Wednesday, December 30, 2015

We honour the Son when we honour the Mother

Solemnity of Mary Mother of God 2016

The name of the feast which we celebrate today has given cause to Protestants to accuse us Catholics of idolising Mary as it has scandalised Muslims into thinking that we Christians believe that the eternal God could have been birthed by another, a mortal person for that matter. For that would seem to be the apparent conclusion to be drawn from such an august title conferred on a mere mortal. But little do many Protestants and even Catholics realise, the title seeks to honour the Son more than the mother. The great theologian saint, St Louis Marie de Montfort, who was responsible for the promotion of devotion to the Blessed Virgin Mary writes, “We never give more honour to Jesus than when we honour his Mother, and we honour her simply and solely to honour him all the more perfectly. We go to her only as a way leading to the goal we seek – Jesus, her Son.”

To accuse Mary of being a distraction is to totally miss the mark when it comes to the Church’s teachings and especially the dogmas concerning Mary. The four Marian dogmas of the Church, two ancient (the Ever Virgin and the Mother of God) and two modern (the Immaculate Conception and the Assumption), are essentially Christological as well as Christo-centric. The first two points to the nature of Christ and highlights his divinity, whereas the second two demonstrates in a concrete way his mission, the salvation of all humanity, already prefigured in his mother.

First, the title ‘Mother of God’ speaks to us of Jesus. The title the Church uses to honour Mary’s name is testimony of the Church’s most central belief – that Jesus is both human and divine. If Mary is not the Mother of God, then either Christ is not God (and that is the denial of his divinity – the Arian heresy) or Mary is not his Mother (the denial of his humanity – the Docetist heresy). Finally, the title ‘Mother of God’ attests that Jesus is both God and man in the same person. This was the reason for which the Fathers of the Council of Ephesus adopted this august title for our Lady. It expresses the deep unity between God and man realised in Jesus and how God bound himself to man and united man to himself in the most profound unity that exists – the unity of the person.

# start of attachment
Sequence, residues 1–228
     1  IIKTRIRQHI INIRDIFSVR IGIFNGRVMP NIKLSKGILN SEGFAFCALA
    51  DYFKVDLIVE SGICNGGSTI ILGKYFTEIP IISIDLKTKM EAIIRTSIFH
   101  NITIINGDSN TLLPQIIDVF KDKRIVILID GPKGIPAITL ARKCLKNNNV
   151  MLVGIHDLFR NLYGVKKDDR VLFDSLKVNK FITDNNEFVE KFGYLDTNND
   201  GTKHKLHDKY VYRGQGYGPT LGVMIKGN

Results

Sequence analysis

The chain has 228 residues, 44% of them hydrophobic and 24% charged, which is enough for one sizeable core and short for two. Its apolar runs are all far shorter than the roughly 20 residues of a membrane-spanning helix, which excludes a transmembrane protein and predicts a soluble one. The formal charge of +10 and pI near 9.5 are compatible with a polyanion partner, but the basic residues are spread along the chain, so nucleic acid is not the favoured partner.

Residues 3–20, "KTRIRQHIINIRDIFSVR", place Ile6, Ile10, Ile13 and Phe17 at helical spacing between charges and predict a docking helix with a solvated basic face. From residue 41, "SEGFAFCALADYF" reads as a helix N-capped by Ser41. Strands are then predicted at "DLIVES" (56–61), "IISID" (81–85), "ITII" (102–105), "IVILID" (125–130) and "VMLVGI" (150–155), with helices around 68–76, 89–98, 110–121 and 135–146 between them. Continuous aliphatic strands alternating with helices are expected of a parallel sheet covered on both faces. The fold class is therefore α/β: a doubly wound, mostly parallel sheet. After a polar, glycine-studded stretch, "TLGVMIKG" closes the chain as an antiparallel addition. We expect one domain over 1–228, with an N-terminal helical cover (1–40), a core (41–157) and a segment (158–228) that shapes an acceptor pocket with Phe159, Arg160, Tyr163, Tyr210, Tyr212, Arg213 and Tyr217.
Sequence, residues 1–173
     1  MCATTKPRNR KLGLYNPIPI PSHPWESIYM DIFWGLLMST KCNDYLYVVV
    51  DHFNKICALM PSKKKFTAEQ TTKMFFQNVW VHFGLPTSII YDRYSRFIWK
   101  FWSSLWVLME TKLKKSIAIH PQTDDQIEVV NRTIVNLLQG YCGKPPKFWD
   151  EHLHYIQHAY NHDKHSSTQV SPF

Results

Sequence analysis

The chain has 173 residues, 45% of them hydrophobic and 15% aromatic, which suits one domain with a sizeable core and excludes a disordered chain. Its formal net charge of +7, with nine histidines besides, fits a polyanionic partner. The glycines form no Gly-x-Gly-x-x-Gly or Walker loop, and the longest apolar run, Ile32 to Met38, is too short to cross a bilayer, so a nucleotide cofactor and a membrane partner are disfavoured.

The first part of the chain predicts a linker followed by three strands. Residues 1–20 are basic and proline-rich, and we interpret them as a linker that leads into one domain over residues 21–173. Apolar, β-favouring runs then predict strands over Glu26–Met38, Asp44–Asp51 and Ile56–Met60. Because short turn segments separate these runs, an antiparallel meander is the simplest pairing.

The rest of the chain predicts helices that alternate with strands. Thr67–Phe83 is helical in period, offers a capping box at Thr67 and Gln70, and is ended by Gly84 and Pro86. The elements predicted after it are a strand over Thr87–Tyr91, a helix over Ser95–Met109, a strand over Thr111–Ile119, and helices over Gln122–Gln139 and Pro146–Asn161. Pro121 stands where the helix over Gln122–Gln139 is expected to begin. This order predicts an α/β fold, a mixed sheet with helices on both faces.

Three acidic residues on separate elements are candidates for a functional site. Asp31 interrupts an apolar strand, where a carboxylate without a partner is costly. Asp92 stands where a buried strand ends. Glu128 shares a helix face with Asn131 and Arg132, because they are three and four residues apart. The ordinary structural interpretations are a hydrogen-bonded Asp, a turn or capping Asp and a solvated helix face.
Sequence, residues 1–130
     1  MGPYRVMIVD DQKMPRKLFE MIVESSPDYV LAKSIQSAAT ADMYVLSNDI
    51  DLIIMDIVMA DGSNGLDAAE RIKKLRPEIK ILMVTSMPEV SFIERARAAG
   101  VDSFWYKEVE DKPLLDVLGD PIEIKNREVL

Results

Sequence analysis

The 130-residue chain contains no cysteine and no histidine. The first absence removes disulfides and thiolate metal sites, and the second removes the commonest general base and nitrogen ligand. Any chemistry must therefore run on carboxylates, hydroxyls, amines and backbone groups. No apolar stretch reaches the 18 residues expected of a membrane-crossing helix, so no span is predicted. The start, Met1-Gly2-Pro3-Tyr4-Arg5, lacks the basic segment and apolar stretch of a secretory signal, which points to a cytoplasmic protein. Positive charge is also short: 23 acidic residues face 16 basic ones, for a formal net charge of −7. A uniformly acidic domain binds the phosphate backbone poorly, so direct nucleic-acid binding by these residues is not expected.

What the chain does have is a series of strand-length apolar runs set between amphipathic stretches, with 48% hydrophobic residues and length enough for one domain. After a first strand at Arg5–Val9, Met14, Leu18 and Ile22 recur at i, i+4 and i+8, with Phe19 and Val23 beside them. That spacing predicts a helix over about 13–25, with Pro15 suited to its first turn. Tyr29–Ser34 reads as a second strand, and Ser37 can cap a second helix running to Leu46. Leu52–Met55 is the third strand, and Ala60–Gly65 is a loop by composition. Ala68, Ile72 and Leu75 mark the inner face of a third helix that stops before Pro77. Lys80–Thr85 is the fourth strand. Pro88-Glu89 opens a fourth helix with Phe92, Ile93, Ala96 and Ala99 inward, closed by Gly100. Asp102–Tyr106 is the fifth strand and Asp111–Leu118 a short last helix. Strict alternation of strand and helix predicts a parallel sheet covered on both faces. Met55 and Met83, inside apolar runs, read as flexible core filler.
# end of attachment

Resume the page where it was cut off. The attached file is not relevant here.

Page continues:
Secondly, the title ‘Mother of God’ also speaks to us of God. In other words, it not only a Mariological or Christological title, but also a theological one. Mary’s divine motherhood attests to the humility of God, a God who not only condescended to take on our human condition, but a God who took on a mother and placed himself in her care. This is a powerful reminder that we, in our hubris, need not built pyramids or towers to reach the heavens to search for God. This is because God has already come down by silently entering the womb of a mortal woman. By entering into our mortal condition, God sanctified and deified our lives, injured by original sin. God became man in order that men may become gods.

But apart from its Christological and theological implications, the title also speaks to humanity about ourselves? To confess that God has taken flesh like ours, has ‘emptied himself taking the form of a servant’ (Phil 2:7), and has joined our human race, is to state that the kingdom of God has arrived in our midst. In and by the flesh of Mary, God has entered our world. In the gospel of St Luke, Mary is depicted as the new Ark of the Covenant, God’s dwelling who journeys to the house of Elizabeth and is greeted by the joyful leaping of the child. The presence of God in the ark, which the people of Israel adored, and to which only the high priest had access, is now, through the mystery of the Incarnation, manifest in the face of every human being. From the moment God’s word took flesh in Mary, human beings have become God’s dwelling place on earth.

The title also addresses the confusion brought about by modern ideologies that seeks to fragmentise the human person. The mystery of the Incarnation consistently refuses to accept ancient dualistic assumptions that fragment life into independently existing parts (matter and spirit, body and soul, female and male, emotion and reason etc.). We therefore resist any alienated, other-worldly view of redemption that expresses a pessimism toward the world, and which does not appreciate the goodness of God’s physical creation.

And so as the world celebrates the beginning of a New Year and many start it off with a whole list of resolutions, let us as echo the prayer of St Augustine as we make our own list of resolutions for this Year of Mercy: “His Mother carried him in her womb, may we carry him in our hearts; the Virgin became pregnant with the Incarnation of Christ, may our hearts become pregnant with faith in Christ; she brought forth the Saviour, may our souls bring forth salvation and praise. May our souls be not sterile, but fertile for God.”

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